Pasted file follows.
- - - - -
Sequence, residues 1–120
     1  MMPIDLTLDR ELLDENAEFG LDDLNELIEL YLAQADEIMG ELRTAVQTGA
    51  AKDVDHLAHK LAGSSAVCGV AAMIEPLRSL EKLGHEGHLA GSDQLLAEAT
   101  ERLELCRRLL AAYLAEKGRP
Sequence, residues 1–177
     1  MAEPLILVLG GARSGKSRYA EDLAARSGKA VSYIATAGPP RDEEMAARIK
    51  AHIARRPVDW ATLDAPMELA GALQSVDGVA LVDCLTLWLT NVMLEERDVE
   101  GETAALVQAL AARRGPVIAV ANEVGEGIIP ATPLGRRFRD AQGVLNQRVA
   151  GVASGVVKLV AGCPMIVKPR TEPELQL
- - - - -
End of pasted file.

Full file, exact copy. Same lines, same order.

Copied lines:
Sequence, residues 1–120
     1  MMPIDLTLDR ELLDENAEFG LDDLNELIEL YLAQADEIMG ELRTAVQTGA
    51  AKDVDHLAHK LAGSSAVCGV AAMIEPLRSL EKLGHEGHLA GSDQLLAEAT
   101  ERLELCRRLL AAYLAEKGRP
Sequence, residues 1–177
     1  MAEPLILVLG GARSGKSRYA EDLAARSGKA VSYIATAGPP RDEEMAARIK
    51  AHIARRPVDW ATLDAPMELA GALQSVDGVA LVDCLTLWLT NVMLEERDVE
   101  GETAALVQAL AARRGPVIAV ANEVGEGIIP ATPLGRRFRD AQGVLNQRVA
   151  GVASGVVKLV AGCPMIVKPR TEPELQL